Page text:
Valverde Now

Val Verde Hotel, 2019

The wrought-iron gates stand closed and chained. The courtyard empty, the building seemingly silent without any excitement about the coming commemoration. The once grand, first "modern" hotel in the state will be 100 years old this week. Can the building at 5th and Manzanares be restored to its former grandeur?

The Val Verde Hotel opened on June 24, 1919 with great fanfare: 50 guests attended the banquet in the "luxurious dining room" and 32 of the 60 guest rooms were already rented before the opening, according to the Socorro Chieftain.

One hundred years later, a gathering to celebrate the event had been set for Wednesday but was postponed until Aug. 1, according to a Facebook page. The organizers are circulating a petition to urge "civic leaders to save the Val Verde for the next 100 years."

But whether it is feasible or even possible to do so is being questioned by some.

Built primarily to serve railroad passengers, the two-story California mission style building was designed by Henry Trost and was said to be the first hotel to offer hot and cold running water and furnace heat in each room with the entire building lit by electricity.

The first hotel manager, D.E. Snyder, died of pneumonia in 1922 leaving his wife who managed the hotel while raising three children. Her brother Walter Paxton and his wife took over in 1929 continuing until 1955, according to Paul Harden, local historian.

A 1935 column titled "the Roadrunner" published in the Santa Fe New Mexican praises the hotel: "Hotels come and go and their standards vary, but the Val Verde in Socorro is unique. It started in with that peculiar and rather intangible thing called class, and year after year has managed to keep it" The author, Dana Johnson, noted it was a popular stopping place, with tourists often going out of their way to stay there. "It is not big and it is not pretentious but there is merely some one there who knows how to run a hotel. And it is surprising how few hotel keepers do."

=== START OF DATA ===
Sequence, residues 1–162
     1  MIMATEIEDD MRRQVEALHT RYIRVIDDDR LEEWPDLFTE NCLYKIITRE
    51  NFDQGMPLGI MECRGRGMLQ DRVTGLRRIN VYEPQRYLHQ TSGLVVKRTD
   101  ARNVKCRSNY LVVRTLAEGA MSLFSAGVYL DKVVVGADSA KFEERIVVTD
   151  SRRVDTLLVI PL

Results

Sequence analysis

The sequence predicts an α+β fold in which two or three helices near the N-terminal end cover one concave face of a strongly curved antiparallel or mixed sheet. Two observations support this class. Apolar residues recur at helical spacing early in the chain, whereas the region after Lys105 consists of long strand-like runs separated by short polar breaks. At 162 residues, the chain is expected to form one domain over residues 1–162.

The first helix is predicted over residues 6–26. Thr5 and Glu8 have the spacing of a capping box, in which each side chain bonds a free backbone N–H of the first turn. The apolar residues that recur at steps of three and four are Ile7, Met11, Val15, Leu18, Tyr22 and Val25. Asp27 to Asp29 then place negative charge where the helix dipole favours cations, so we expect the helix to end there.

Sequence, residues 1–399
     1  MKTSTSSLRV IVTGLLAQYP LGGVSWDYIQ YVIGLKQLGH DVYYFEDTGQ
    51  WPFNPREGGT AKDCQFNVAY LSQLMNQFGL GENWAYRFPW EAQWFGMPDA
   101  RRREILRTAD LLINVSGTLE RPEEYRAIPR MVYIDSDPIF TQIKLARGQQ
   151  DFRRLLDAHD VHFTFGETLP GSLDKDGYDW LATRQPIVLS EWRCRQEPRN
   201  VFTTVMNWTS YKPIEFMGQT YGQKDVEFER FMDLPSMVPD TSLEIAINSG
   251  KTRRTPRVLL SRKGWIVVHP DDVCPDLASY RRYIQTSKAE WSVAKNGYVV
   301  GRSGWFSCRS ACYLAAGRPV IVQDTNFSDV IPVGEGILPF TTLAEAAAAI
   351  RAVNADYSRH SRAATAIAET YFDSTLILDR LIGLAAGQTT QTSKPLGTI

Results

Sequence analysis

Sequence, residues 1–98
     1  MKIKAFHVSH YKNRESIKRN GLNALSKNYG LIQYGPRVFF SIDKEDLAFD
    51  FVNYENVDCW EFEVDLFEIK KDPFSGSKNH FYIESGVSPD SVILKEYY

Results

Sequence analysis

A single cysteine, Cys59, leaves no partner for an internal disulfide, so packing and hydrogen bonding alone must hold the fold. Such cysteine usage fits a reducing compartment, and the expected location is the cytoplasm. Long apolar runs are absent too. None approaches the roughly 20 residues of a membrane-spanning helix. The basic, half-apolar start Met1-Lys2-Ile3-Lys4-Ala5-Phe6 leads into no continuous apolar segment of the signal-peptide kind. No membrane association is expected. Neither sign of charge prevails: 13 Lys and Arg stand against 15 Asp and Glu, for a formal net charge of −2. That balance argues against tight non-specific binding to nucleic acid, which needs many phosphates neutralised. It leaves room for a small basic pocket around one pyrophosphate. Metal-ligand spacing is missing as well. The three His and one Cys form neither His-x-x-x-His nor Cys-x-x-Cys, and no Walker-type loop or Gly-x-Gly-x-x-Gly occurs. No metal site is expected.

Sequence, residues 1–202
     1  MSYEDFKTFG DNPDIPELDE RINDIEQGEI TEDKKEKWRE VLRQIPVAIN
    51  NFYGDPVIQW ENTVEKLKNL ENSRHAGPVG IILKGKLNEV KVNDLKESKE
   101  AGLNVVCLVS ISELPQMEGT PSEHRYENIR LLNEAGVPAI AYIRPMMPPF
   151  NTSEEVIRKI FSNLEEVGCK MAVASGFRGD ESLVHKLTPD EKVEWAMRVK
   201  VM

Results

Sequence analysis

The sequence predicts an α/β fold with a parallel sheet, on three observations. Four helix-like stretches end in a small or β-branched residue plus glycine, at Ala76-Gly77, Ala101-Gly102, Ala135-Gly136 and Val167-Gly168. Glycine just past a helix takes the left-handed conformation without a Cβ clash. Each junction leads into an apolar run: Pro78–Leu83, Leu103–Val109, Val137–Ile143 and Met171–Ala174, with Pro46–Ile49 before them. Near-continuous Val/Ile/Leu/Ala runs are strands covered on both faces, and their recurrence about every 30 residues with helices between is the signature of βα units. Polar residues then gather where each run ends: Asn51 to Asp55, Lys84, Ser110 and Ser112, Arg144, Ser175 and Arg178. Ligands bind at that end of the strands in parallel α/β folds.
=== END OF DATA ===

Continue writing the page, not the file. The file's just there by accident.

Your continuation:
The building continued to attract quality managers. The Val Verde Hotel's dining room was renovated and reopened in 1985 by Desi and Fita Apodaca.

Val Verde Sign

Three years later, Lewis and Mary Gillard took over the business. The Val Verde Steakhouse became a popular place once again, with guests from all walks of life and many countries. And while Mary can count off the celebrities who ate there, including Jodi Foster and Ralph Edwards, it was the guests who shared their memories and made new ones that was the highlight for her.

"People would come up to me and say, 'my dad was a bell hop here,'" she said, or they had their first date there. "It was a special occasion for many, many people."

The restaurant was joined by other businesses during its revival years during the 90s: An antique store gave way to the Lobby, a popular full-service bar that hosted local and visiting bands. Artists galleries, a bookstore and hair salon filled the ground level while the rooms upstairs were rented as apartments. The courtyard was lovingly tended by garden enthusiasts to make the entire grounds inviting.

Like many old buildings, supernatural sightings have been reported over the years by staff and guests. "I spent the night there and never saw anything," says Mary. "But then I'm not susceptible." Paul Harden wrote an article about ghostly encounters at the Val Verde published online at

The Albuquerque Journal's 1985 grand reopening article quotes Fita Apodaca: "I got as far as this window, … looked in and saw the ceiling caved in; it was full of lumber and furniture and I said, 'You're crazy. I'm going back to work.'"

Part of the dining room ceiling has again collapsed. And even before the building's sale in 2003, an employee there recalls wondering if the floor might give in on him some evening.

Peggy (Paxton) Dailey grew up at the hotel. "She would tell me, you have the same worried look on your face that my mother would," recalled Mary. Her mother would pay to have the roof fixed and "immediately start saving for the next roofing job," Mary said.

"I would love to see the Val Verde Hotel restored, or at least stabilized as a Socorro landmark, said Harden.

He recalled that part of the rock wall at the Hammel Brewery collapsed a few years ago. Fixing the wall meant fixing the foundation first, a job that was well over what the insurance would pay.

"It appears the Val Verde Hotel is in its 11th hour," Harden said, "… action to restore would need to be commenced in the very near future. Unfortunately, in another couple of years, I'm afraid it will be midnight for the historic Val Verde. Once deemed totally unsafe and condemned, it will need to be razed to everyone's disappointment."

The building's owner could not be reached for comment.